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Umbriel: Uranus' oddball satellite.

It seems only logical that the brightness of a full moon should equal that of four quarter moons. Yet the surge In brightness far exceeds that value as the moon comes into full view, in part because the shadows cast by its rocky surface vanish in full sun.

Astronomers have found that nearly every planetary satellite has a huge luminosity jump as its entire face becomes visible to an observer. But Umbriel, one of Uranus' five large moons, doesn't fit the pattern.

In studies concluded at Mt. Palomar Observatory near Escondido, Calif., researchers led by Bonnie Buratti of the Jet Propulsion Laboratory in Pasadena, Calif., found that Umbriel's brightness rises only slightly as it comes into full view.

Earlier this year, Buratti and her co-workers reported other evidence suggesting that Umbriel might be a Uranian oddity. Analyzing photographs taken through various color filters by the Voyager 2 spacecraft, they found that the ratio of green light to violet light varies widely over Umbriel's surface.

The gradual nature of the color variation seems to rule out the possibility that sharply distinct geologic regions, such as a clustering of craters on one part of the surface, could produce the variation, the researchers say. They propose instead that dar, red dust -- possibly the same primordial matter found in comets and asteroids -- has settled over large portions of the satellite, and that variations in the thickness of the dust layer could account for the color variations.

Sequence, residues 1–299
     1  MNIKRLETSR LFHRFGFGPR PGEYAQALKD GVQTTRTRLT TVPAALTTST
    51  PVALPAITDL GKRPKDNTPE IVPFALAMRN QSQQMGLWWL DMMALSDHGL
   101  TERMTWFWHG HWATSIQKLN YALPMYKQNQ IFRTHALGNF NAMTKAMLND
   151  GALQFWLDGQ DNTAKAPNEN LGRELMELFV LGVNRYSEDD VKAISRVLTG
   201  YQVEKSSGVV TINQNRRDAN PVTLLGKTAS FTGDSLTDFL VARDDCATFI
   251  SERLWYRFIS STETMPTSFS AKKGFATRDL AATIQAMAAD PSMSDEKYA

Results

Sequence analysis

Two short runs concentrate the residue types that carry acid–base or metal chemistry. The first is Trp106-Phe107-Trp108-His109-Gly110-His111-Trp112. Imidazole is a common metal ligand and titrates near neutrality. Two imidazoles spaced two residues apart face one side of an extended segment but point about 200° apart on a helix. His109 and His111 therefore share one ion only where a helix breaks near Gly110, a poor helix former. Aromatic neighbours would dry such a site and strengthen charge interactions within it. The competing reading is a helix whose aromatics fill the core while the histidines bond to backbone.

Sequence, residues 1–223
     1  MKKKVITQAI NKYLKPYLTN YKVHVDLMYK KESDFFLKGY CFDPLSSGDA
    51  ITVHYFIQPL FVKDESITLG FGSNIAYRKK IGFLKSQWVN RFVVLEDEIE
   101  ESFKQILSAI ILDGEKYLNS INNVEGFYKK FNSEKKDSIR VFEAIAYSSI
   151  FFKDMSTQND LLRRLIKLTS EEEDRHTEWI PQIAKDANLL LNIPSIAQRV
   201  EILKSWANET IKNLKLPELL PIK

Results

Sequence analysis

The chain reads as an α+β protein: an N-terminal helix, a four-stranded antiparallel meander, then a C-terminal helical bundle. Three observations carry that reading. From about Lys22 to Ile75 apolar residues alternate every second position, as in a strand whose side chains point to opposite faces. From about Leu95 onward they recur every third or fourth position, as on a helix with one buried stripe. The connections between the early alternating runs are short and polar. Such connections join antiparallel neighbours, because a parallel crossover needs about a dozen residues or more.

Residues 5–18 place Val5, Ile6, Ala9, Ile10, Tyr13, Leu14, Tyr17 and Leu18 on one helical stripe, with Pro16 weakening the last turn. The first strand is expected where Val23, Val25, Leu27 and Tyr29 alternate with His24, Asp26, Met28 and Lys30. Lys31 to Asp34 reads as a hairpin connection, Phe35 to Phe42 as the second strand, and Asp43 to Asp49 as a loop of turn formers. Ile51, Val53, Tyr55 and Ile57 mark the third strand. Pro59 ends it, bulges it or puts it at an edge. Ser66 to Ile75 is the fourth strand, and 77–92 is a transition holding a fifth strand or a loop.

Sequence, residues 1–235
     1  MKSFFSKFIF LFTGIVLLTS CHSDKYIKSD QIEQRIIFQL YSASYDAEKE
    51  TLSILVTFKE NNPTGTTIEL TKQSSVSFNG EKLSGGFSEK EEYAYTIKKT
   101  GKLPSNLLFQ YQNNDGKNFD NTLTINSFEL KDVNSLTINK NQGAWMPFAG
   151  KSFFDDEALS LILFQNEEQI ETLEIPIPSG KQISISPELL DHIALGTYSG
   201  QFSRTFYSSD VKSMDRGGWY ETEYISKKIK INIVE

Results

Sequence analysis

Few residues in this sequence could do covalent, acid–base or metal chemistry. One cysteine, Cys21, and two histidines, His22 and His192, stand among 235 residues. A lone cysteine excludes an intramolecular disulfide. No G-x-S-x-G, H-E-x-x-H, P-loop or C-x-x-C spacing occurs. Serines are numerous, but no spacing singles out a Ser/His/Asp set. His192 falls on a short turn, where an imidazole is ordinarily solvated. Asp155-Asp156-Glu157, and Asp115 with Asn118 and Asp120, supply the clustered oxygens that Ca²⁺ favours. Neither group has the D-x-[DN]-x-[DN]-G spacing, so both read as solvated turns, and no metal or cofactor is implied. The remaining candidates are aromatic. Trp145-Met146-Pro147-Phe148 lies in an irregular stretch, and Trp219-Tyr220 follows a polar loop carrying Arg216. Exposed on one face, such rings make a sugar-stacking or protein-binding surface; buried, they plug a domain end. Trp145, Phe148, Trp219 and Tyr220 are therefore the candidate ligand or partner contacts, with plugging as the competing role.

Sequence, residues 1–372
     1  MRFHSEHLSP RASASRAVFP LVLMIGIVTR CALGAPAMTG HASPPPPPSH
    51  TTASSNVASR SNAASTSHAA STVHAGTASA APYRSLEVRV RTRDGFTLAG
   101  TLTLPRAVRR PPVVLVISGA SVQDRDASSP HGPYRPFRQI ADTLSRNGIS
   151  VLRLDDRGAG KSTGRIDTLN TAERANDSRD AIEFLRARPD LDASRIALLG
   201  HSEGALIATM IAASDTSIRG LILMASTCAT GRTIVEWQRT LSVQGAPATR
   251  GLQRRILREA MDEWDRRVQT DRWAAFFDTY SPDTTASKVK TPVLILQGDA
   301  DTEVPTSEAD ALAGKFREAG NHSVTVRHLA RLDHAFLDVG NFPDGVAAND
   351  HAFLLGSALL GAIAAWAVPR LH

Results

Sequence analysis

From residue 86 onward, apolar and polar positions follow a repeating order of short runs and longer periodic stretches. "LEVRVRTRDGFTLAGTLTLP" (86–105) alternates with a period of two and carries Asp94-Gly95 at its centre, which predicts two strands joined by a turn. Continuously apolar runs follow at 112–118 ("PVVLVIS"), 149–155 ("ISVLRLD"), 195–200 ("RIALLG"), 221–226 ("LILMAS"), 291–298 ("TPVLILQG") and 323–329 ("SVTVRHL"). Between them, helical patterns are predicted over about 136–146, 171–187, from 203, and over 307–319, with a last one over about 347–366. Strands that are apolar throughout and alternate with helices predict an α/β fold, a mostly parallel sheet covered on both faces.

Astronomers have generally thought that satellites that don't brighten substantially in full sunlight most likely have smooth, compact surfaces. But Buratti says her group's new laboratory simulations indicate that compact surfaces do brighten significantly. However, surfaces composed of finely ground, fluffy dust particles brighten only slightly.

"The surface properties of Umbriel," she concludes, "are much different from the properties of other Uranian satellites and probably [any] other satellite In the solar system."
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Author:Cowen, Ron
Publication:Science News
Date:Nov 16, 1991
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